Kate Atkinson's most recent novels have seemed, on the surface
of things, like a radical departure for a Whitbread Award-winning
novelist whose previous works were noted for their use of magical
realism and their unusual family dynamics. With CASE HISTORIES,
however, the first book featuring detective Jackson Brodie,
Atkinson took her well-established skill at exploring characters
and relationships, and applied it to an entirely new genre --- the
mystery. Since then, with ONE GOOD TURN and now with WHEN WILL
THERE BE GOOD NEWS?, Atkinson continues to push the boundaries of
the mystery genre, writing intricate, suspenseful character studies
that are bound to appeal even to literary purists who would swear
they had never read a mystery novel in their lives.
These three books are loosely interconnected, focusing at least
in part on Brodie and Edinburgh police inspector Louise Monroe. In
ONE GOOD TURN, the sexual tension that defined Jackson and Louise's
interactions never came to fruition; in WHEN WILL THERE BE GOOD
NEWS?, readers will be intrigued to discover that both main
characters, in the intervening months, have made very similar
choices in their personal lives, choices that will continue to
complicate their personal and professional relationships.
But, as with the previous titles in this series, the private
detective and the police inspector are, unusually, hardly the most
important characters in the novel. Instead, Atkinson introduces a
good dozen characters, each of whom carries his or her own tale of
love, loss and betrayal, and whose stories come together in
remarkable and, at times, surprising ways.
Central to the story is Joanna Hunter, now a successful
physician and new mother living in Edinburgh. As a child, however,
Joanna gained notoriety for being the only survivor of a brutal
triple murder that left her mother, older sister and baby brother
dead. The killer was sentenced to life in prison, but after 30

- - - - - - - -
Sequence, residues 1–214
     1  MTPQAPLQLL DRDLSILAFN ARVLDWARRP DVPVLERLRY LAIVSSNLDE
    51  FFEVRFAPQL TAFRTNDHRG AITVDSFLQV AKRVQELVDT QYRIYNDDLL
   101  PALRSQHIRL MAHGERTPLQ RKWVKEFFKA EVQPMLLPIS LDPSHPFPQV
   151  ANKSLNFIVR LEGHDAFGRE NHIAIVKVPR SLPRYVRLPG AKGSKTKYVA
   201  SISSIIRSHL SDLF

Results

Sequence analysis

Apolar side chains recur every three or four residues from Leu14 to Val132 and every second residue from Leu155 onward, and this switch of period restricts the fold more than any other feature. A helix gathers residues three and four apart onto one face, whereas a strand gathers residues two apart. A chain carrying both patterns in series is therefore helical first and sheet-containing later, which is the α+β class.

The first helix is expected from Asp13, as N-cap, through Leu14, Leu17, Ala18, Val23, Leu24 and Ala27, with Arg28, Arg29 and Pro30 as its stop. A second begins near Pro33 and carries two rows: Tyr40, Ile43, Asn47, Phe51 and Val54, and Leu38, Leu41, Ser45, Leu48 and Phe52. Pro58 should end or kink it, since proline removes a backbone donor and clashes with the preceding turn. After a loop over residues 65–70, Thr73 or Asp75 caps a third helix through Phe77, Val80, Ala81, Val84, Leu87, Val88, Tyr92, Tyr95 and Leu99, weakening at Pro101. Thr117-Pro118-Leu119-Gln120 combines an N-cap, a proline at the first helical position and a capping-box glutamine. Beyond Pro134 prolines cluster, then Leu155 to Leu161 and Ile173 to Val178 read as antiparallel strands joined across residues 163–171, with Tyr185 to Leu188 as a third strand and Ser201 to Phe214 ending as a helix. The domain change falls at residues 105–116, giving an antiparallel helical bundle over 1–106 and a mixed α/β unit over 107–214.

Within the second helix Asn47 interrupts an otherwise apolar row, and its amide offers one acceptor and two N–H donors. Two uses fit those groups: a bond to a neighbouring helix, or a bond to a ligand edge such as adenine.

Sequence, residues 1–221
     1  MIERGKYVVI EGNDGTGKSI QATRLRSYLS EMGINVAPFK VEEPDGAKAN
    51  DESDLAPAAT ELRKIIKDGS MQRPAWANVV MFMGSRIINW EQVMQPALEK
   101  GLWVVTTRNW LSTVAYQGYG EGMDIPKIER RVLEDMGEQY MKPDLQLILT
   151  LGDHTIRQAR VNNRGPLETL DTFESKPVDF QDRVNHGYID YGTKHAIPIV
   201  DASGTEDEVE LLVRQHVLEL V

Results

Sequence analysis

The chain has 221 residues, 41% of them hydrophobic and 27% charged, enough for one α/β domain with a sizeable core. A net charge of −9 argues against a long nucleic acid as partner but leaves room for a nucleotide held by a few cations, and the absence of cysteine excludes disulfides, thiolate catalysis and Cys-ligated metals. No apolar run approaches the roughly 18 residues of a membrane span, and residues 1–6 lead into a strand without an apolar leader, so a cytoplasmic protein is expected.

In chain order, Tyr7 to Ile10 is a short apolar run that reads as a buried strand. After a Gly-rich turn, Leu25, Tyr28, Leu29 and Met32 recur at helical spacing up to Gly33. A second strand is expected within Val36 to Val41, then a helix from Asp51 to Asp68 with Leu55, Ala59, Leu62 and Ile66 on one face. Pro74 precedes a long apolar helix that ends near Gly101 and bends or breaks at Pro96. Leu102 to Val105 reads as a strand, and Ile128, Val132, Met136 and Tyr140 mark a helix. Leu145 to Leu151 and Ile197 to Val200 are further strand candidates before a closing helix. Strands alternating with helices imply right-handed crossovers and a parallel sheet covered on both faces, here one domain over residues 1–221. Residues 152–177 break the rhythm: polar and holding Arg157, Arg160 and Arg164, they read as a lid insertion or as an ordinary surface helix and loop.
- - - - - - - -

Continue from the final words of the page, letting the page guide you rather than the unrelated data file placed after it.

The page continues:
years he's now out on parole, and Joanna is haunted by fears that
the media --- and the assailant himself --- might find her and
destroy the new life she's built for herself.
Part of that new life includes Joanna's husband Neil, a somewhat
shady businessman with secrets of his own, and mother's helper
Reggie (short for Regina), a teenager studying for her A-levels and
adopting Joanna as a surrogate mother, since few people know that
Reggie's own mother died more than a year ago. Her older brother
Billy is up to no good, so when Joanna disappears, Reggie doesn't
know where to turn.
That is, until she encounters Louise Monroe, who is
investigating a suspicious fire at one of Neil's business
establishments, and Jackson Brodie, whom Reggie meets by chance
after he's been seriously injured in a brutal and bloody train
derailment. Each of these three have their own reasons for delving
into the mysteries that surround them.
Besides being passably engaging mysteries, Atkinson's latest
novels are utterly engrossing joint character studies. As she
develops each character independently, she also, increasingly,
shows them in relation to one another, developing layers of
interconnection that go beyond coincidence. Language also connects
the subplots in playful ways. The themes of the book, however, are
a good deal darker --- focusing on young women alone in the world,
on the loneliness of those who find themselves still alive when
everyone they love has died, on the difficulty of forming and
maintaining relationships in a fundamentally flawed world.
WHEN WILL THERE BE GOOD NEWS? offers sophisticated readers a
mystery that stretches the boundaries of the genre, opening up the
story to provide portraits of a community of sorts, united by
proximity and by loss.
Reviewed by Norah Piehl on June 2, 2011